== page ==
Monday, April 15, 2013

Le G: The Other Wine of Guiraud

Chateau Guiraud is best known for it's Premier Grand Cru Classe sweet wines and it's gorgeous tree-lined entrance to the property, as pictured below:
(Photo courtesy of Matthew Mantle, taken March 2011 at Chateau Guiraud)
The grapes that Chateau Guiraud uses to make their intoxicatingly aromatic sweet wines are affected by Botrytis, also known as "Noble Rot". In viticulture, Botrytis is a fungal disease that attaches itself to grapes and removes the water in the pulp, leaving behind the sugars. It is caused in Sauternes naturally by foggy, damp mornings in the vineyard that give way to hot summer afternoons, but not all of the grapes end up afflicted with Noble Rot. So what happens to the healthy, ripe grapes that aren't able to be used for their prestigious sweet wine? The healthy grapes are used to make a Bordeaux Blanc Sec (or dry wine) that Chateau Guiraud calls Le G de Guiraud.

White wines made in Bordeaux are constantly overshadowed by their highly esteemed and popular red counterparts-and this trend will continue as long as Bordeaux is a worldwide staple in the red wine market, making some of the most highly sought-after wines in the world. However, producers are working to increase the quality of their white wines by reducing the amount of sulfur they use (used as an antioxidant and an antiseptic), using stainless steel vats and better temperature control for fermentation, and avoiding malolactic fermentation. These wines are more refreshing and fruit-forward with their flavors, and have a bit of aging potential. If you drink white wines, do not underestimate the quality of a Bordeaux Blanc Sec, especially Le G de Guiraud.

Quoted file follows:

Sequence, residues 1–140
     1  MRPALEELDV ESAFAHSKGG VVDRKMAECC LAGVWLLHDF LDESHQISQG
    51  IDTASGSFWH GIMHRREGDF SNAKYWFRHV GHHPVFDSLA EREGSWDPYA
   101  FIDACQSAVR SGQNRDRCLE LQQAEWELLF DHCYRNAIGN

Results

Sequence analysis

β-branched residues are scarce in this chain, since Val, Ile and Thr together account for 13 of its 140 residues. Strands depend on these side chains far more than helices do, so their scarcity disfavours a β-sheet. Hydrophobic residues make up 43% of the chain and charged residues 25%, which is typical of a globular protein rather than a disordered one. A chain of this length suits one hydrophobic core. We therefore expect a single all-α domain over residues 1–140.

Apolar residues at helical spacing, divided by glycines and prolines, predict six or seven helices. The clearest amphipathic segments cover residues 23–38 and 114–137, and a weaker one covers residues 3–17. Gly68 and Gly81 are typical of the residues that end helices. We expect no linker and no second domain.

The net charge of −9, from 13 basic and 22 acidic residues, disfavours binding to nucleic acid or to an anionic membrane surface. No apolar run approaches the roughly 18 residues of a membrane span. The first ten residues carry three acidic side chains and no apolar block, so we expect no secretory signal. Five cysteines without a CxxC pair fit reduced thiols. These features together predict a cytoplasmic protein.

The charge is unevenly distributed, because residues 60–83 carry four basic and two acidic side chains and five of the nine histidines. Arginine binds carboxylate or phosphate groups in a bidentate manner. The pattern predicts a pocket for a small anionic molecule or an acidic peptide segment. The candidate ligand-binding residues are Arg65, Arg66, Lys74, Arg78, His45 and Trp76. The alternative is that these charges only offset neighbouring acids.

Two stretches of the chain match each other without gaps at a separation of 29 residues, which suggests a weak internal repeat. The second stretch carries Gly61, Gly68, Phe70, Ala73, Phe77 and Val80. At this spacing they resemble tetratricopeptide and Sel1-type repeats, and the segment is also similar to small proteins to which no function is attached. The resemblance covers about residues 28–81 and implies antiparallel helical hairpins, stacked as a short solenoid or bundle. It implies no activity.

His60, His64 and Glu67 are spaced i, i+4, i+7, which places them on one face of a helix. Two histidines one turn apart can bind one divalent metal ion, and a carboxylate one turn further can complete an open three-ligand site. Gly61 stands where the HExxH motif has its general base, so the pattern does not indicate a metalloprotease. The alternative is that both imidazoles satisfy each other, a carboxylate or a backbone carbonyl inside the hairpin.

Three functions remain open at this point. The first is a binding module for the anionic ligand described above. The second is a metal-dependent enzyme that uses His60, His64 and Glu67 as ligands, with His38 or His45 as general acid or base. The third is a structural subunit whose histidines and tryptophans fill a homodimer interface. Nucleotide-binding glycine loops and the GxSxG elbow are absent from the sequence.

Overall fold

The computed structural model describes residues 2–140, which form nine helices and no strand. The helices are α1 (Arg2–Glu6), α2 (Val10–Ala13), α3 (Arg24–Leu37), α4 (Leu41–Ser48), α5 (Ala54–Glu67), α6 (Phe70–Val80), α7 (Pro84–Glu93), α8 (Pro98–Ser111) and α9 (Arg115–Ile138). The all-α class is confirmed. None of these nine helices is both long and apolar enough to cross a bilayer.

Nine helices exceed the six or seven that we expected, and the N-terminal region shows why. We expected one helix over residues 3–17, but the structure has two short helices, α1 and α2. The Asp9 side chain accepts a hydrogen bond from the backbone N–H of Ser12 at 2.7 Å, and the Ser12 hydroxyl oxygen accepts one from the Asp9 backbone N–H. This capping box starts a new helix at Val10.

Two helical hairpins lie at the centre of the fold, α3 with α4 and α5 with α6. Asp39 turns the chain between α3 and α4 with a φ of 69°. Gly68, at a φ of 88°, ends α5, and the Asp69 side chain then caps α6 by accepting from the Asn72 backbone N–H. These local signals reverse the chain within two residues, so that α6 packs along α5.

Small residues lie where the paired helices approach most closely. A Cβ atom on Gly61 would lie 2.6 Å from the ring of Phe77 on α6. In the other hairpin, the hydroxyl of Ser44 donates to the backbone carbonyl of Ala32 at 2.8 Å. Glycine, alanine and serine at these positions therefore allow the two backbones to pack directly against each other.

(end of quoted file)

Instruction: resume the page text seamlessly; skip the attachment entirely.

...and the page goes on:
Le G de Guiraud is composed of 70% Sauvignon Blanc grapes, complemented by 30% Semillon grapes. The healthy, ripe grapes are hand-harvested at the peak of their ripeness, sometimes requiring a second passing through the vineyard to maximize yields. Once the grapes reach the winery, they are pressed and then fermented for 2 weeks in new oak barrels previously used for the sweet wines. Aging takes place in barriques for 6-9 months afterwards and the juice is left on the lees, which are regularly stirred for added body and flavor. The end result is a great value white wine full of flavor, costing about $35 CDN/bottle.

I had been storing two bottles of the 2008 vintage in our wine cellar and figured now would be a good time to drink one to see how developed the flavors had become. I found the 2008 G de Guiraud to be a fully developed, well-balanced white with grass and stone on the nose and palate, with just a hint of damp oak and gooseberry. The wine has a refreshing acidity that lasts well into the long finish. Subtle complexity with a great concentration of flavor. Best to drink now or within a year, but newer vintages could hold for 5 years.

Even though Bordeaux whites will never have the same reputation or  as their reds and sweet wines, they're still a great value with great flavor. If you like full-bodied whites, why not get one on your next visit to your local wine or liquor store? I promise you won't be disappointed. Cheers!

Thursday, February 7, 2013